The question is, will Fayetteville Woodpeckers baseball fans know how to get to the new ballpark? “We will absolutely be ready for our first home baseball game on April 18,” said city of Fayetteville spokesman Kevin Arata.
He was asked by Up & Coming Weekly about plans the city has to accommodate public parking during games at the baseball stadium on Hay Street. “For the April 13th ribbon-cutting event, parking downtown will be free, as with most other past large events downtown,” he said.
“Finding public parking is difficult for visitors,” consultant Jon Martens told Fayetteville City Council during the Feb. 4 council work session. He added that making the public aware of available parking is a major challenge that must be undertaken by city government. Martens said many people he spoke with didn’t know there’s a parking garage on Franklin Street — within walking distance of the stadium.
For families who don’t know their way around downtown, Martens suggested pole signs with recognizable logos could be used to locate off-street parking lots. The city has the capability of building signs, but at this point they are not in the plan, according to Arata.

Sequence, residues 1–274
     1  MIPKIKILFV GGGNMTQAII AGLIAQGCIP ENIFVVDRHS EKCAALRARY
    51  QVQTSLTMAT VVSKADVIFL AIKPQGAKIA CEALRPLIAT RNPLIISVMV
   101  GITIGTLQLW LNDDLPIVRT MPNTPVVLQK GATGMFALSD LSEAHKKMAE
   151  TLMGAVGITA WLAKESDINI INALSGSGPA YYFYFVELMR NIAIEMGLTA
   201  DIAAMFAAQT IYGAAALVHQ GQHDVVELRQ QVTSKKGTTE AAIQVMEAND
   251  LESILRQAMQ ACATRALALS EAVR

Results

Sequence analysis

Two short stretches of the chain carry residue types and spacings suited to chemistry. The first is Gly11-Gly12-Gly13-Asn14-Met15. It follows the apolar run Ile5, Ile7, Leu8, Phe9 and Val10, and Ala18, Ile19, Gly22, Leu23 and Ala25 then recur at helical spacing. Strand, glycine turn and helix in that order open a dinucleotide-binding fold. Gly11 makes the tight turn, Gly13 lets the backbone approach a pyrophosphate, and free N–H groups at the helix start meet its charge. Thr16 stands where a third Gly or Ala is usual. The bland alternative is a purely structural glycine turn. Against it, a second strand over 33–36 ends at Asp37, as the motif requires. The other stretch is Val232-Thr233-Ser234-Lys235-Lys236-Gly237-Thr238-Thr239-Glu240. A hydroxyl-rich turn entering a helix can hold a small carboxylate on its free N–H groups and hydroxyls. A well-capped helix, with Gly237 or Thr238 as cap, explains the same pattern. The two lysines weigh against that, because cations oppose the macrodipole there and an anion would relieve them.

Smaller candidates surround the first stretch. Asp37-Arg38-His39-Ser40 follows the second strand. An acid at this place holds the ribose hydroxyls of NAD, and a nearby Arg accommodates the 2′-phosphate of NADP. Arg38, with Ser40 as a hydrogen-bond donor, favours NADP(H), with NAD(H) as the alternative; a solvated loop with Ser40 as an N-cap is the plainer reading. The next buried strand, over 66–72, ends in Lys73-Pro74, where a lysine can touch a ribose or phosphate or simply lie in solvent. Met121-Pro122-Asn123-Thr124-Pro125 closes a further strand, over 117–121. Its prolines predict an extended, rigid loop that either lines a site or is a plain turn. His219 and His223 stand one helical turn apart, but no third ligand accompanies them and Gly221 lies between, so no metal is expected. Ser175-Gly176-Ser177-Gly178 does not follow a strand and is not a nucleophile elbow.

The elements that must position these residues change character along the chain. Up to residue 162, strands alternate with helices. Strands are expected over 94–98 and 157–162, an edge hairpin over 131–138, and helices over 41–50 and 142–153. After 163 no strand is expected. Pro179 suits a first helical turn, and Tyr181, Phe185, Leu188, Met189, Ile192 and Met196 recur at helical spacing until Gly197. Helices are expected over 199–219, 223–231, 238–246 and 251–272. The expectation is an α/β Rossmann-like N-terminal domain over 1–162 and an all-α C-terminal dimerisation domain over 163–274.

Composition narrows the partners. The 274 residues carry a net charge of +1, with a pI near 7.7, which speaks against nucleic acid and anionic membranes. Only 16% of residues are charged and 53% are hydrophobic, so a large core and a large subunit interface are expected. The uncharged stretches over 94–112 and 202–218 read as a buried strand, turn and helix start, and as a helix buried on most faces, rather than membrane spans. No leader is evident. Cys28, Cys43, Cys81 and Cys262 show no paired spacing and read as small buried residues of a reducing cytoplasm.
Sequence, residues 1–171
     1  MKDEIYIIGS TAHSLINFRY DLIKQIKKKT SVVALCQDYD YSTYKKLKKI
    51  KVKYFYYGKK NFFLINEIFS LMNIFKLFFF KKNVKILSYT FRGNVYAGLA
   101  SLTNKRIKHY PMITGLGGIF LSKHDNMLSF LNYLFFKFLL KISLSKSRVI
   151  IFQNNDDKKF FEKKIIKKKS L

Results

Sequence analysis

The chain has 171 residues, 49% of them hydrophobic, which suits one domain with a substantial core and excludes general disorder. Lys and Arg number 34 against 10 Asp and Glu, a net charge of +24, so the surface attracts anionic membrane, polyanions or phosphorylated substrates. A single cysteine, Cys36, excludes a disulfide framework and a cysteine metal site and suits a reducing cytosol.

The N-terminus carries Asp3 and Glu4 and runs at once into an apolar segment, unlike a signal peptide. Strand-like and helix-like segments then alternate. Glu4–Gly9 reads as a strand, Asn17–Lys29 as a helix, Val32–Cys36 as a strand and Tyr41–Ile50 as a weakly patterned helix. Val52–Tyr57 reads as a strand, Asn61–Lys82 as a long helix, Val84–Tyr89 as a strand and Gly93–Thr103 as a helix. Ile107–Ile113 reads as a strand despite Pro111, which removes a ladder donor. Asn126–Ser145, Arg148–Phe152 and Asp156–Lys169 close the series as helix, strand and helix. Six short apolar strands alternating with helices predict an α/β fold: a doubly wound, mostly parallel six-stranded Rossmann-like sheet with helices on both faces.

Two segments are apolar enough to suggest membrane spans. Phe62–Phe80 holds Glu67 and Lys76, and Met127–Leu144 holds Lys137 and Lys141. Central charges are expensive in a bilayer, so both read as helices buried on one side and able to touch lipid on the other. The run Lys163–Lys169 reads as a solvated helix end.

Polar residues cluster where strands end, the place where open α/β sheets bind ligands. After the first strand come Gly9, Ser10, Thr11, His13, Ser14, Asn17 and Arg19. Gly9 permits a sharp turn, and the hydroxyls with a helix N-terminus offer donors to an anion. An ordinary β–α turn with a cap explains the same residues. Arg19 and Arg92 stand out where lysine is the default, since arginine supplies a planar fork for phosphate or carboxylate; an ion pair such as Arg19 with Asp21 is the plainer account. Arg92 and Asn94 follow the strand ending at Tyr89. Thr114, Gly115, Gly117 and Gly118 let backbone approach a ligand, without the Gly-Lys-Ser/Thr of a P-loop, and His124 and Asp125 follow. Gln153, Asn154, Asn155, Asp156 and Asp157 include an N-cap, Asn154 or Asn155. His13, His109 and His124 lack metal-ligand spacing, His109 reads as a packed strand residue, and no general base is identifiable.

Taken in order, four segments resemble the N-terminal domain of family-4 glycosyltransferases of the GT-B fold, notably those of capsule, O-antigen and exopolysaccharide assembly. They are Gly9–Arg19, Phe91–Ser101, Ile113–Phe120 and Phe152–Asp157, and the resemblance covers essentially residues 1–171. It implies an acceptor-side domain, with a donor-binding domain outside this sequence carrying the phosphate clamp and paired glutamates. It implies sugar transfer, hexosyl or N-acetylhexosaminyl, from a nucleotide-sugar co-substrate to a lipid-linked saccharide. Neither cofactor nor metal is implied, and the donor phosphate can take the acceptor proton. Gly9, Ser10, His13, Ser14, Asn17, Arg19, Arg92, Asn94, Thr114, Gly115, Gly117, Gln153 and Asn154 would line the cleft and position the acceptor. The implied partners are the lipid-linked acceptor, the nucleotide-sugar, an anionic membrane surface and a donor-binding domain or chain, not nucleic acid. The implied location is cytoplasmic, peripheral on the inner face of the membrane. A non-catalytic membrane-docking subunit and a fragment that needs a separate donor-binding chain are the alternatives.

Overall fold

The city is depending on social media to help visitors find parking lots. Parking locations can be found on the city’s website, Arata said, and by downloading the city of Fayetteville mobile app and clicking “downtown parking” on the menu.
“In a nutshell, we know what we have to do for instituting the parking changes recommended. We just need to figure out the specifics of how to do it,” said Arata.
City government has received responses “from firms with expertise in this area to address the suggestions received from our consultant on the recent parking study,” Arata added. He said city staff wants to hear how those in the know can provide implementation plans and costs associated with those plans.
City Council will eventually make decisions about parking needs. “I believe the city is prepared to meet the parking demand that will be created by the new stadium,” Fayetteville Mayor Mitch Colvin said. “There are always areas that cannot be fully anticipated, but I have the utmost confidence in our staff to address any issues that may arise.”
The Cool Spring Downtown District and the Fayetteville Area System of Transit suggested trollies to shuttle visitors downtown. City traffic engineer Lee Jernigan also liked the idea of shuttle buses.
“Park-and-ride shuttles from areas beyond the immediate center city could be adopted,” Jernigan said in October 2018. He stated that additional considerations, such as providing convenient parking for the disabled, “would be available in a month or two.” They were not.
“I do have concerns for the elderly and handicapped,” District 2 Fayetteville City Councilman Dan Culliton said at the Feb. 4 council work session.
At the same meeting, council members opposed the shuttle trollies and turned down the proposal. Members said they didn’t want to spend tax money for a project that should be offered by private business.
The city is spending $40 million to build the minor league stadium.